Guardianship and Declaration of Incapacitation
Age 17 ½
Age 18 is considered the "age of majority" in most states. It is assumed that an individual will be able to make their own decisions regarding their health, their finances and their future. They should be able to advocate for themselves, take care of bills and a bank account, decide where they will continue their educations and begin looking for ways to improve their independence. Many children this age are beginning to make plans to move away from home. Or so we hope.
Once your child reaches the age of majority (age 18 in most states) you will have no control over their financial, educational, or health related decisions your child may make. They become a legally competent adult in the eyes of the law with all the rights and responsibilities of adulthood. Regardless of the individual's level of disabling condition or functional abilities, that person is considered a legally competent adult until proven otherwise by a court of law. If your child's decision-making capacity is severely affected or they are unable to communicate, based on a chronic or severe condition, it may be necessary for them to have a guardian appointed for them.
It is important to begin this process BEFORE your child turns 18. It is much more difficult to obtain a Guardianship AFTER your child turns 18!
It is also recommended at this time to consider an alternate guardian should the main guardian (or guardians) become incapacitated themselves. This process can take a great deal of time and consideration for those being considered as a "back up" guardian. It is most important that the backup guardian understands the individual's needs and wants as well as the full responsibilities guardianship may entail. They must be willing to take full responsibility for your child in the event something happens to you. This process will take some time.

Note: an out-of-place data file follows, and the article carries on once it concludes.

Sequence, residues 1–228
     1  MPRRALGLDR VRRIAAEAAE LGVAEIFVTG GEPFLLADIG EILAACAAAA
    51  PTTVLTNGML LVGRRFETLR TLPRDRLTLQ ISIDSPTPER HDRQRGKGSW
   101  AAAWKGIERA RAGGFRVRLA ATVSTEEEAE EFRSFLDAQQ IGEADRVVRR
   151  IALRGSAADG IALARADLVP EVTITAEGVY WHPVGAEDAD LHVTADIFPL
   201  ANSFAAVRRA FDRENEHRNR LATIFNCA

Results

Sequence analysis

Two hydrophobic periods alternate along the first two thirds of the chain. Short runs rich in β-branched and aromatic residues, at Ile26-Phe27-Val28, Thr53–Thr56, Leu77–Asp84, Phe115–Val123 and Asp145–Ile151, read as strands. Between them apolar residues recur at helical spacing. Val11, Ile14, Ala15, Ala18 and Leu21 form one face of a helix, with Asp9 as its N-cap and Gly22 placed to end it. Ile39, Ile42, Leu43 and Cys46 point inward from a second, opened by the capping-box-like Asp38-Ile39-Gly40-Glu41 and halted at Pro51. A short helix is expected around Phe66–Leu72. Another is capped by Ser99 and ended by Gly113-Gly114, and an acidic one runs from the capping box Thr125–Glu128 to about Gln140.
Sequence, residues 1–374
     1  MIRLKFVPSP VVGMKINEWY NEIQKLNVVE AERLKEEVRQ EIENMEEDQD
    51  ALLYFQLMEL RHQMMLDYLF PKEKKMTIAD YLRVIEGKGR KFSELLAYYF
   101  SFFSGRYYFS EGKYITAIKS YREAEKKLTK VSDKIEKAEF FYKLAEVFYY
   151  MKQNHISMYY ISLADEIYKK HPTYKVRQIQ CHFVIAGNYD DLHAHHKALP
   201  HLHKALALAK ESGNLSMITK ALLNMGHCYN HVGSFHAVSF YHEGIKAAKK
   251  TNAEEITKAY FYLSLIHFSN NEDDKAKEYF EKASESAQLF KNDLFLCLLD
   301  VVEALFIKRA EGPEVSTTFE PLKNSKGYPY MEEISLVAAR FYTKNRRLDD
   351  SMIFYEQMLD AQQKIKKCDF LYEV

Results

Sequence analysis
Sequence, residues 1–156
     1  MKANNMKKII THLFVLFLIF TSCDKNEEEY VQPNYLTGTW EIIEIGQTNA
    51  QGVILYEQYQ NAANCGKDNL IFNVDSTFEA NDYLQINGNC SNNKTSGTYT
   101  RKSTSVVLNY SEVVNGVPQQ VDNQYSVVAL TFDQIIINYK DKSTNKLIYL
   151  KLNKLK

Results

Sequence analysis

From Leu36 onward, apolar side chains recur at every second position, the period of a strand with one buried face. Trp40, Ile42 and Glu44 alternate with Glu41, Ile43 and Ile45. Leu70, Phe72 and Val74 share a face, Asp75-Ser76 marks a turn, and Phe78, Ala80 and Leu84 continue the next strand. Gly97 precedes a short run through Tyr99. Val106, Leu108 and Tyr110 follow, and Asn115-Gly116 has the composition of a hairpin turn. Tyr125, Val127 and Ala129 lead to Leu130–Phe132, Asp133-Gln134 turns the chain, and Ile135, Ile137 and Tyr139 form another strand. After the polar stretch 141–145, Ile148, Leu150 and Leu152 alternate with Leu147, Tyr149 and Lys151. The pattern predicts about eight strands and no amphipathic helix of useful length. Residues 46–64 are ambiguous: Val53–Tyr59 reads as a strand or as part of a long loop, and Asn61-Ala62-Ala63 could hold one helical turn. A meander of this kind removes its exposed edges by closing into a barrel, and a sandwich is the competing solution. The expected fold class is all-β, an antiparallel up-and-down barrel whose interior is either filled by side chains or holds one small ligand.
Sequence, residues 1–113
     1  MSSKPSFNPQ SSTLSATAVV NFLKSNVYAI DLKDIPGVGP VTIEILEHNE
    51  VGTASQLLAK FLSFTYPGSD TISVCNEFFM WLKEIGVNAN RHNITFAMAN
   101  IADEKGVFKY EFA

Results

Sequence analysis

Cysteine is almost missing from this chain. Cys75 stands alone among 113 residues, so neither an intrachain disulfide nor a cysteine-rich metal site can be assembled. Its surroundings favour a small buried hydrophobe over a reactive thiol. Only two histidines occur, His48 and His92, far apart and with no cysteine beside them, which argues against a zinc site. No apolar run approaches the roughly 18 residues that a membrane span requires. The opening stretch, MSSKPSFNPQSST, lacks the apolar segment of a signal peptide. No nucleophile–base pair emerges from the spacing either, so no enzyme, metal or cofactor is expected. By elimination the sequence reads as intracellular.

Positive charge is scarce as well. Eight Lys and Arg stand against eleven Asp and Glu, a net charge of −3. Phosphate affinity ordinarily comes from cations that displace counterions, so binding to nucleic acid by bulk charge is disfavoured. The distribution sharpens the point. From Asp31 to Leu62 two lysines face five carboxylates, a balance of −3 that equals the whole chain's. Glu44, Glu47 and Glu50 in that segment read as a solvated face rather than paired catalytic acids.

** NOTE: Each situation is different. However. Linda and her husband found that it was important for them to name a third family member as a "backup guardian" to act in their stead during absences (Military or otherwise). This individual is a trusted family member who is in close contact with Madison at all times. In this case it is an Aunt. She is fully aware of the responsibilities and detail involved in Madison's daily care. It is also absolutely essential that that same individual be listed by the courts as guardian and listed on the court order itself. Otherwise they will NOT be able to represent Madison in medical emergencies or assist with medical record or billing questions while the main guardians, currently her parents, are away. This also includes financial matters, school issues etc. Make sure your backup guardian has an original copy of the court order in their possession!
*Military Members: Be aware the Age of Majority for most states is age 18. If you reside in a state where the Age of Majority is 21, have NOT obtained legal documentation and are then transferred to a state with a younger legal Age of Majority you will be behind the proverbial eight ball, legally. You will be unable to assist your child with any of their legal needs until AFTER you have completed the court process. This can take several months, creating a real financial, educational and medical mess for families to deal with. We recommend families obtain Guardianship and a Declaration of Incapacitation at age 18 to prevent any difficulties created by PCS moves to other states.